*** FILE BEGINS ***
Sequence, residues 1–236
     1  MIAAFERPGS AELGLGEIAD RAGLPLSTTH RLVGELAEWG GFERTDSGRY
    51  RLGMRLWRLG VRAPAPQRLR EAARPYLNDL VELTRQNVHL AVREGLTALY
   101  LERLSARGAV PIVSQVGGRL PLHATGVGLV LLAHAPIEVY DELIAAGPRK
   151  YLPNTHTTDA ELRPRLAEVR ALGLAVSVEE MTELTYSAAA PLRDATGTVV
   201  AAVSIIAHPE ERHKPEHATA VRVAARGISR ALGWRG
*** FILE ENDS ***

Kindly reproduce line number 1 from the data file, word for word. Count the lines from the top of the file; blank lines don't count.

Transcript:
Sequence, residues 1–236